tnh at Making Light with a very cogent analysis of the agency model, and why it's critical to the continued health of publishing. As usual, that woman makes a hell of a lot of sense.
I asked on Twitter this morning, "Trying to figure out why the price of ebook readers (sold by tech cos) should be linked to the price of ebooks (sold by publishing cos.)" @philipbrewer responded, "Cross-subsidies are an old trick, as in "give away the razor sell the blades."
He's got a great point, but I think he's wrong. Gillette owned the razors and the blades, controlled the whole supply chain. Likewise HP with printers and ink, another example of this. That integration allows them to set the dial on profit and loss in different lines to maximize overall profit.
[ ETA: @philipbrewer responds thoughtfully to my point and counterpoint here. ]
Amazon with the Kindle does not control the supply of content. As tnh explains (and has been explained elsewhere), they've been inserting themselves as a publisher with the rights play embedded in the up-til-now Kindle contract. That's still not supply chain integration. So where Gillette can take a loss on razors to sell blades within one larger profit-and-loss calculation, Amazon has been pushing publishers into a position of taking a loss on hardcover sales to elevate Amazon's Kindle profits. They're killing their own supply chain, unless they plan to go into originating content on Kindle in a big way. Which would be an unsurprising next step for Amazon, but still provides the publishers with no incentive to continue down Amazon's path.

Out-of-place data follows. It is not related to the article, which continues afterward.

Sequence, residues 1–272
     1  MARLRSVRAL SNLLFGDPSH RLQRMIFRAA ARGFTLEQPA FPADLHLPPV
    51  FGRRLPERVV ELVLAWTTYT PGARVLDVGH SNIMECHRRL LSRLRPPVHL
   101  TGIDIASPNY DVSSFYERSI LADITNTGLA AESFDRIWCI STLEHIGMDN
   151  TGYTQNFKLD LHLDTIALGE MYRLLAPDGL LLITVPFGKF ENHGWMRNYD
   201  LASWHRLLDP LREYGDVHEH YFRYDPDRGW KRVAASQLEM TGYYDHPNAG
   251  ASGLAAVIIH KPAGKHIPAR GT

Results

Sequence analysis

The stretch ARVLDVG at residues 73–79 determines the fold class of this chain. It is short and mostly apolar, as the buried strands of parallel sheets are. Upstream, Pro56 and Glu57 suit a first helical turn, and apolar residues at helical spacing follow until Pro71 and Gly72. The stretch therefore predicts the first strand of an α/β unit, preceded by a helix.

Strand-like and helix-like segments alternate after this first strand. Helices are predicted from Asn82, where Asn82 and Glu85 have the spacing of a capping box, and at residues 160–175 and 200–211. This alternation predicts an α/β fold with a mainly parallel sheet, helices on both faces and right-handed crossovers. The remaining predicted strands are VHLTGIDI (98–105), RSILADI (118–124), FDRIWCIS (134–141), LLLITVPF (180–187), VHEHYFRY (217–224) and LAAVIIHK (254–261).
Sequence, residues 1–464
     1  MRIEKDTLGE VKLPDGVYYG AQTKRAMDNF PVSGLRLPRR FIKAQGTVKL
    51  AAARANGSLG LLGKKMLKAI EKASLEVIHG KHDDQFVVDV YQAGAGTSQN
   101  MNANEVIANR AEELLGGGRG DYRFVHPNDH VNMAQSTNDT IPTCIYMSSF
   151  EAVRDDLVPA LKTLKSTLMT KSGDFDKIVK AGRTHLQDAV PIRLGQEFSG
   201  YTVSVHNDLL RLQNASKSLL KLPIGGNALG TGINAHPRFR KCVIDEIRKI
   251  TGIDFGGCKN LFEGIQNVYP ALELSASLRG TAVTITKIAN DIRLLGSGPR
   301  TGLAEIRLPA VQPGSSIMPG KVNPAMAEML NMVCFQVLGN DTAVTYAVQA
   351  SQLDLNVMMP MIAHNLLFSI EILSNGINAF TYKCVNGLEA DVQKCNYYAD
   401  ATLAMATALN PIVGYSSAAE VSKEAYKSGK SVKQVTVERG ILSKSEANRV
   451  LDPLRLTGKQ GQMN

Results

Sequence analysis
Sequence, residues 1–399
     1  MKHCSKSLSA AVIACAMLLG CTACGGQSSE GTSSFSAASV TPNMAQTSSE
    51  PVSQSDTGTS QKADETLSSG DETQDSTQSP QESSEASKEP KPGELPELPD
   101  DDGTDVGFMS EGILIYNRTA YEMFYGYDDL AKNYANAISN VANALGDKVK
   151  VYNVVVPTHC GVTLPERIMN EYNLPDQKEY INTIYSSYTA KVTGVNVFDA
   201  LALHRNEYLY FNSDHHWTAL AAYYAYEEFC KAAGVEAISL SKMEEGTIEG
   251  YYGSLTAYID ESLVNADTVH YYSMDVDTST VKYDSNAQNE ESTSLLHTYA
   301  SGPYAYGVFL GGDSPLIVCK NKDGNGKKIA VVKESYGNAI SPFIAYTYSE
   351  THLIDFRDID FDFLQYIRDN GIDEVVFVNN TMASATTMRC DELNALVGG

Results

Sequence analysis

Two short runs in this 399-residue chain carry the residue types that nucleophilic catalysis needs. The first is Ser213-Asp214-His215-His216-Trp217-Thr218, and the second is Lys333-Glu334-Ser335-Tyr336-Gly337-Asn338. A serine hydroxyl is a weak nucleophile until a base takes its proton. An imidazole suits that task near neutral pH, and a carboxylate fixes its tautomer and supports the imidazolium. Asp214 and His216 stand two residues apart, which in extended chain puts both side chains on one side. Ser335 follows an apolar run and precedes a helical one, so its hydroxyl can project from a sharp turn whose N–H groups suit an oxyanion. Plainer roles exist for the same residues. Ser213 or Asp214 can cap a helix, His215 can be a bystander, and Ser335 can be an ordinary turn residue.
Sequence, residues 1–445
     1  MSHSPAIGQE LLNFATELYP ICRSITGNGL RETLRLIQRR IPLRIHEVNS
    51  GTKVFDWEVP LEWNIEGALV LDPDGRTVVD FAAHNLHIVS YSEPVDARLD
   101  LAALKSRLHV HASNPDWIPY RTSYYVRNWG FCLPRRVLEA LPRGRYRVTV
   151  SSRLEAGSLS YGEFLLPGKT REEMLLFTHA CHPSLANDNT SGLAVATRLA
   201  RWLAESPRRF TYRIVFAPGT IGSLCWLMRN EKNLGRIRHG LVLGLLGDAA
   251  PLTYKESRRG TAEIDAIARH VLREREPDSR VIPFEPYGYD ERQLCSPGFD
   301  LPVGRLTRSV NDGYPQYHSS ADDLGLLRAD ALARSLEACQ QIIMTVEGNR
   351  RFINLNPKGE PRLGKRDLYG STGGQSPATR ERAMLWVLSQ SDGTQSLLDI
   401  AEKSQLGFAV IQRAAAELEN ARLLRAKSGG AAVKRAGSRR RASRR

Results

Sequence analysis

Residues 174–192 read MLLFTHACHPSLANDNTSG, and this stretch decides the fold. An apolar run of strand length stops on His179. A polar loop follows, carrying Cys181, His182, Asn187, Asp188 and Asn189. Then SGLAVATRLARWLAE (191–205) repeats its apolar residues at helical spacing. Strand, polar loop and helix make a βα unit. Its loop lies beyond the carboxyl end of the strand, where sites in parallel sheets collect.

I probably have a lot more to say next week, when I'm out from under this chemo infusion session. Currently on the 5FU pump, and rather hard of thinking. I do suspect the razors-and-blades issue also ties into my recent observation that ebooks (at least the DRM variety) are a service and not a product. More to come, when I have brainpower to pursue it. In the mean time, feel free to be intelligent about these question in comments.